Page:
12 Laminate Ply Orientation Code Designate each ply by it’s fiber orientation angle List plies in sequence starting from top of laminate Adjacent plies are separated by “/” if their angle is different Designate groups of plies with same angle using subscripts Enclose complete laminate in brackets Use subscript “S” to denote mid plane symmetry, or “T” to denote total laminate Bar on the top of the ply indicates mid-plane

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14 Special types of laminates Symmetric laminate – for every ply above the laminate mid plane, there is an identical ply(material and orientation) an equal distance below the mid plane Balanced laminate – for every ply at a +θ orientation, there is another ply at the – θ orientation somewhere in the laminate Cross-ply laminate – composed of plies of either 0 o or 90 o (no other ply orientations) Quasi-isotropic laminate – produced using at least three different ply orientations, all with equal angles between them. Exhibits isotropic extensional stiffness properties (have the same E in all in-plane directions)

15 The response of special laminates Balanced, unsymmetric, laminate – Tensile loading produces twisting curvature – Ex: [+θ/0/- θ] τ Symmetric, unbalanced laminate – Tensile loading produces in-plane shearing – Ex: [+θ/0/- θ] τ Unsymmetric cross-ply laminate – Tensile loading produces bending curvature – Ex: [0/90] τ Balanced and symmetric laminate – Tensile loading produces extension – Ex: [+θ/- θ] s Quasi isotropic laminate: [+60/0/- 60] s and [+45/0/+45/90] s – Tensile loading produces extension loading, independent of angle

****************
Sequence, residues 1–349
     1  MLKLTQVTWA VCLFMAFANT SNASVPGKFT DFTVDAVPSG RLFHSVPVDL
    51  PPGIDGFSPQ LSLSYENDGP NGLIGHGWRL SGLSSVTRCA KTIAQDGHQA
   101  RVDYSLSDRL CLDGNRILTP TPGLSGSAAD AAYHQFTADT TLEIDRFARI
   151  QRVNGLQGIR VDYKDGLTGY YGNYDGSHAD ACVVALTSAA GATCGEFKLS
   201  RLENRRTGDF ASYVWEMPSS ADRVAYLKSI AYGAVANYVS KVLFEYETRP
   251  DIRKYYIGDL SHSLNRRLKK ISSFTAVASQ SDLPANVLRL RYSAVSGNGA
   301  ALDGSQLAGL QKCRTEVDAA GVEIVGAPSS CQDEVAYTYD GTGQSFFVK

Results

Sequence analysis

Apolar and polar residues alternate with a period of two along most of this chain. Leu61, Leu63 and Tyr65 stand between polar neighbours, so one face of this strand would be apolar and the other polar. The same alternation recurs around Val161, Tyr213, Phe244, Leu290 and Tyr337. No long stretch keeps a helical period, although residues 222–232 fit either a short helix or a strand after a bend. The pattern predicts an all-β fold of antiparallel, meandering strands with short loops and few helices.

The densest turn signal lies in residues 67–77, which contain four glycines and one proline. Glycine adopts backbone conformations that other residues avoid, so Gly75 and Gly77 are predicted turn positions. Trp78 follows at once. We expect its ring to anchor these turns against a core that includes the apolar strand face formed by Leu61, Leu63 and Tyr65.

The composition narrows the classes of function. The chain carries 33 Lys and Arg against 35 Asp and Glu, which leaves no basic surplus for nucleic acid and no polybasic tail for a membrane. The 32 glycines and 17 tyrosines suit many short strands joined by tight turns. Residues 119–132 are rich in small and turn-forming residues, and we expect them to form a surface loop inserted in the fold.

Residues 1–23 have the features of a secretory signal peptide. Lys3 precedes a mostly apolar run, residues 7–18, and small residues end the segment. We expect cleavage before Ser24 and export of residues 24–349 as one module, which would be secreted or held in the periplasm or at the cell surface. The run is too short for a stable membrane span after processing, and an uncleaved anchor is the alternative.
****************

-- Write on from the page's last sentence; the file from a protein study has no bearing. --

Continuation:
16 Stress-Strains Relationships in Lamina

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20 Elastic Constants-x Pσ x = P/Aεxεx εyεy ν x = − ε y / ε x lbspsiin/in 0000 10518720.000520− 0.0000730.140 20035650.001005− 0.0001400.139 30053480.001495− 0.0002100.140 40073980.002165− 0.0002450.136 50089130.002515− 0.0003400.135 600106950.003022− 0.0004050.134 700124780.003545− 0.0004600.130 800142600.004050− 0.0005200.128

21 Elastic Constants-y Pσ y = P/Aεxεx εyεy ν y = − ε x / ε y lbspsiin/in 0000 1001751− 0.0000750.0005400.139 2003503− 0.0001450.0010900.133 3005254− 0.0002100.0016280.129 4007005− 0.0002850.0022180.128 5008757− 0.0003500.0027930.125 60010508− 0.0004150.0033510.124 70012259− 0.0004700.0039430.119 80014011− 0.0005400.0046200.117

22 Elastic Constants-s Pσ s = P/2Aεμεμ ενεν ε s = ε μ − ε ν lbspsiin/in 00000 1008750.001075− 0.0005610.001632 20017480.002212− 0.0012290.003441 30026220.003527− 0.0020650.005592 40034970.005175− 0.0031640.008339 50043710.007219− 0.0046150.011834 60052450.010547− 0.0072500.017797 70061190.013412− 0.0096300.023042 80069930.019082− 0.0147100.033792